On Tuesday, Prime Minister Justin Trudeau unveiled a federal climate strategy that aligns with B.C.’s planned emissions reduction goals, even though the province doesn’t have some of the more aggressive goals for shifting to zero-emission vehicles.
“The goals for 2030 are basically the same,” said Tom Gunton, a resource expert at Simon Fraser University. The BC plan calls for a 40% reduction in greenhouse gas emissions, and the federal plan calls for a 45% reduction.
“What’s missing at the provincial[plan]is the federal level, and actually the province has a statutory obligation to comply with the zero-emission vehicle regulations,” Gunton said.
The plan, unveiled by Trudeau at the GLOBE 2022 Business and Environment conference in Vancouver and introduced in Parliament by Environment Minister Steven Gilbeau, is seen as the government’s general commitment to how to deliver at the United Nations so far. The most detailed explanation of the Glasgow and Paris climate summits.
The strategy uses economic and emissions modelling to measure the most affordable and feasible projects to meet Canada’s goal of reducing emissions to no more than 60 percent of the 2005 level by 2030.
That means Canada’s oil and gas industry will have to reduce its greenhouse gas emissions by 42% from current levels by 2030 if Canada is to meet the new target, but Ottawa has pledged to offer tax credits to encourage new carbon capture and storage projects to encourage their adoption.
On the surface, the federal plan appears to be modeled on B.C.’s plan, reflecting B.C.’s multisectoral approach, said B.C. Environment Minister George Heyman.
“The federal government took a big step today and we look forward to discussing more details, especially regarding the support we want to see them provide for British Columbia,” Heyman said.
One topic of conversation was that $9.1 billion in federal spending includes money to help workers transition from the oil and gas industry. This part of the Ottawa plan appears to exclude workers from British Columbia, which has the largest natural gas industry in the country, Hyman said.
“We all know that transformation is extremely important to communities and workers in these areas, and we shouldn’t be left out,” Heyman said.
Several climate advocates have welcomed the plan, including Clean Energy Canada’s Merran Smith, who called it “great news for Canada”, transforming the government from a high-level commitment to an “ambitious and achievable” plan.
“This plan will help Canadian industry, (it) set clear targets, for example, that the oil and gas sector must reduce its carbon pollution by 42 per cent,” Smith said. “And it has milestones, so we’re not going to wait until 2029 to see if we’re on track.”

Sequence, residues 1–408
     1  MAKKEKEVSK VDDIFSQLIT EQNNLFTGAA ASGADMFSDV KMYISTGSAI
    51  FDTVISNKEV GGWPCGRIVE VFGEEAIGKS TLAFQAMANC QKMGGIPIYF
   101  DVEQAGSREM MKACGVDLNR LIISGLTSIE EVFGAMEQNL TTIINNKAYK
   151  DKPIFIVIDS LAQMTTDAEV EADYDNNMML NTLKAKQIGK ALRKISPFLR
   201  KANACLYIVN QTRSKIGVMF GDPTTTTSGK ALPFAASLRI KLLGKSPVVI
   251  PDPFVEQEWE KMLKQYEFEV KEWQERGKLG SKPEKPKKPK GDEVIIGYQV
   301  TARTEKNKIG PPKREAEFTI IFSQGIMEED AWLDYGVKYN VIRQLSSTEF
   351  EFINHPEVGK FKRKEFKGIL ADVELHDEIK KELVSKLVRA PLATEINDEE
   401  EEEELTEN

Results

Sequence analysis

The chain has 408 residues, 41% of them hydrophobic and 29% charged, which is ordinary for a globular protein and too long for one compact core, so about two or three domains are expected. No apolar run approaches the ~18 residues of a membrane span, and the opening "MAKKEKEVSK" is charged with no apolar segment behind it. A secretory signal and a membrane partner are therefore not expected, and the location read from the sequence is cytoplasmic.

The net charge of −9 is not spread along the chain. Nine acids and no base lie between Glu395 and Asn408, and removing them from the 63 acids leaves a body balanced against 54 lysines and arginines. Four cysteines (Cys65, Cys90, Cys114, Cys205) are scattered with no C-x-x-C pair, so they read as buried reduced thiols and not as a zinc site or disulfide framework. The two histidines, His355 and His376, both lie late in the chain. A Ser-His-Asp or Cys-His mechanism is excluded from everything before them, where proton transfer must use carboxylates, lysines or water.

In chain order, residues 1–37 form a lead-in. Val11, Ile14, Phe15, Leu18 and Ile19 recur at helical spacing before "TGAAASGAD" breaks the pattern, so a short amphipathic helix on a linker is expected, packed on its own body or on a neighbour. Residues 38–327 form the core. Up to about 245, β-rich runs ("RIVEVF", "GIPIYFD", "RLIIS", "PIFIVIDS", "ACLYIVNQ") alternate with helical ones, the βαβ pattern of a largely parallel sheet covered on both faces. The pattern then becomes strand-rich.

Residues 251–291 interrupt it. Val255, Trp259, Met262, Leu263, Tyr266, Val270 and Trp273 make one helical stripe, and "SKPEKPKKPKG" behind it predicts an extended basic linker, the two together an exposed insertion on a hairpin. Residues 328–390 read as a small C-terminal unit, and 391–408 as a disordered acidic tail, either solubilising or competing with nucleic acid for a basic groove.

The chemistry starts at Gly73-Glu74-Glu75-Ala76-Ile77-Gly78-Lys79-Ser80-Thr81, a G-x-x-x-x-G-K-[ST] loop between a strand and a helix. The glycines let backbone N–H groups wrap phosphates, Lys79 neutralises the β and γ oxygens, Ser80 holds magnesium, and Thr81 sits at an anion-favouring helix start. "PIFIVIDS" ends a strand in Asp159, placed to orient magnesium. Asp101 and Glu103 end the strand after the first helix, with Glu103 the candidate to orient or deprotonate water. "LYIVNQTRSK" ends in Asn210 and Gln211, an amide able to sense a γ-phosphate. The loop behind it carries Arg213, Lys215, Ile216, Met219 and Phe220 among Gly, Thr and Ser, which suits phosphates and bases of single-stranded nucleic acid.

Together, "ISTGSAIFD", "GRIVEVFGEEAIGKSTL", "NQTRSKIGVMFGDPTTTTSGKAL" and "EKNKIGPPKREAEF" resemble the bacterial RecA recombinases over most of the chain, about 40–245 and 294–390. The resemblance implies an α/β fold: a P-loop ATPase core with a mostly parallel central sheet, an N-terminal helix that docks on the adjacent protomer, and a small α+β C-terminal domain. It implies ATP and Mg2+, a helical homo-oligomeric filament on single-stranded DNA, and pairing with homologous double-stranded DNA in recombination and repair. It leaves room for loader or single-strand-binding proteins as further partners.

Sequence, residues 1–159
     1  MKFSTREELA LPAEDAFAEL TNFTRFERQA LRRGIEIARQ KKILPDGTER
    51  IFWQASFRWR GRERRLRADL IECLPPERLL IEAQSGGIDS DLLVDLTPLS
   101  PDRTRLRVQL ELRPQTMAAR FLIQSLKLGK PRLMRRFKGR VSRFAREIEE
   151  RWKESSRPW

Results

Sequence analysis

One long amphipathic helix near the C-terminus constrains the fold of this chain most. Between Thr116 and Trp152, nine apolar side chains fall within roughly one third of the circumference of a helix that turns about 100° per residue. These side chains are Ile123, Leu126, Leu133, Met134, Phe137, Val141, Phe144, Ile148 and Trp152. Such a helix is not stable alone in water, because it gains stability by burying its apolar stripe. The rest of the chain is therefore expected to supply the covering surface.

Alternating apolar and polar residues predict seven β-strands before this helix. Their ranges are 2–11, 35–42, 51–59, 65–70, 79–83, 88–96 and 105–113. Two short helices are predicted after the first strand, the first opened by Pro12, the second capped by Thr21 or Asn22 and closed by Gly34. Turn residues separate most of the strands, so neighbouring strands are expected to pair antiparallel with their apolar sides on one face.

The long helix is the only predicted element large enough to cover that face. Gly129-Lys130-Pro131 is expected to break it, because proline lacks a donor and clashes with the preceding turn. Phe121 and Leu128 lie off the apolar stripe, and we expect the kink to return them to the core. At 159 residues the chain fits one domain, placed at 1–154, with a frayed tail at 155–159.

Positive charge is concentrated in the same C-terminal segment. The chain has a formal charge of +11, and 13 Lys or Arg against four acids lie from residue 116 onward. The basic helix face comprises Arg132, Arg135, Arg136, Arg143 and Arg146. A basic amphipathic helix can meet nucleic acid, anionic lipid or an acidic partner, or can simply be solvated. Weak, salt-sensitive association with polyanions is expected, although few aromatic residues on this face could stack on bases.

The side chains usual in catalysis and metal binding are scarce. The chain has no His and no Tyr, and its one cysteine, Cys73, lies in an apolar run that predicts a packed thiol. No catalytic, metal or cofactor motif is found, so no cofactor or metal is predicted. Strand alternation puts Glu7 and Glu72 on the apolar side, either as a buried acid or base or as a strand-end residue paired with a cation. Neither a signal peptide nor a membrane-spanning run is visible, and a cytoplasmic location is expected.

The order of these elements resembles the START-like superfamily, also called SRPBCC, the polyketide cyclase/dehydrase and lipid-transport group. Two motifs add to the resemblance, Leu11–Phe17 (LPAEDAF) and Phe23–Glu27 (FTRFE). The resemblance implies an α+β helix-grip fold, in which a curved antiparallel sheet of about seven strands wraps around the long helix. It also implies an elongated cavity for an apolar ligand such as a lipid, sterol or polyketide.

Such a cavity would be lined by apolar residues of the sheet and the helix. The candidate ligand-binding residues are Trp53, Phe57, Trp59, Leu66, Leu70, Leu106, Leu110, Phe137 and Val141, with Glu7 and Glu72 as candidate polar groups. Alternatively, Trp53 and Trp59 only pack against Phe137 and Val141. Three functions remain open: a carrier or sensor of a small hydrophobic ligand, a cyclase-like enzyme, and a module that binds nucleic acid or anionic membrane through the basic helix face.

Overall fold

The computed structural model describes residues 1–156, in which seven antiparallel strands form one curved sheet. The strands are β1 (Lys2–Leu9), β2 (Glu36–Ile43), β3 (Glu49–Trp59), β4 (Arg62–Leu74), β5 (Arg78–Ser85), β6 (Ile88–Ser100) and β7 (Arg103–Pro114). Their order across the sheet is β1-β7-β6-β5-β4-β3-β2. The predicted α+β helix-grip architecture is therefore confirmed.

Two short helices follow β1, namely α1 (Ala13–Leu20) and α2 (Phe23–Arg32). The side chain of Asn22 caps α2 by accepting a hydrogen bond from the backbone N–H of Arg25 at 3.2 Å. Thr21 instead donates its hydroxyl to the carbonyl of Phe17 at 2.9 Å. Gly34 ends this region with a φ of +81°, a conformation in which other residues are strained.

Missing, Smith said, are specifics on when some necessary policies, such as emissions caps for the oil and gas industry, will be in place.
“It still has significant gaps,” Gunton added. “They have targets, but they don’t have a legal mechanism to ensure these zero-emission vehicle targets are met. For the heavy-duty vehicle industry, they have no plans for decarbonization and electrification.”
Terry Abel, executive vice president of the Canadian Association of Petroleum Producers, said in a statement that the industry “looks forward to consulting on elements of the plan and supporting Canada’s role in reducing global emissions while improving global energy security and affordability. sex”. .
Abel insists that Canada’s LNG export sector, which Canada is building at Kitimat, is “one of the greatest contributions Canada can make to reducing global greenhouse gas emissions.”
The debate has angered climate advocates seeking clearer commitments to reduce the use of fossil fuels.
“This plan is not a climate emergency plan,” said B.C. green leader Sonia Furstenau.
Trudeau’s plan includes “some good things” such as nature-based climate solutions, but “we have to get really serious about the fact that climate change is undermining food security, water security and global security,” Furstenau said.
“The time has passed when we made plans, we’re relying on some technology to keep going, and basically, the status quo is getting closer,” Furstenau said. “It’s not what you do in an emergency.”
The West Coast Environmental Law argues that climate plans include “unequal emissions reductions across sectors,” particularly in the oil and gas sector.
“It’s worrying that the abatement plan sees emissions from oil sands and plane travel actually rising,” said staff attorney Andrew Gage. “Not only that, but governments are overly reliant on unproven and expensive technologies like carbon capture and storage.”
— Documents from Canadian media and Bloomberg
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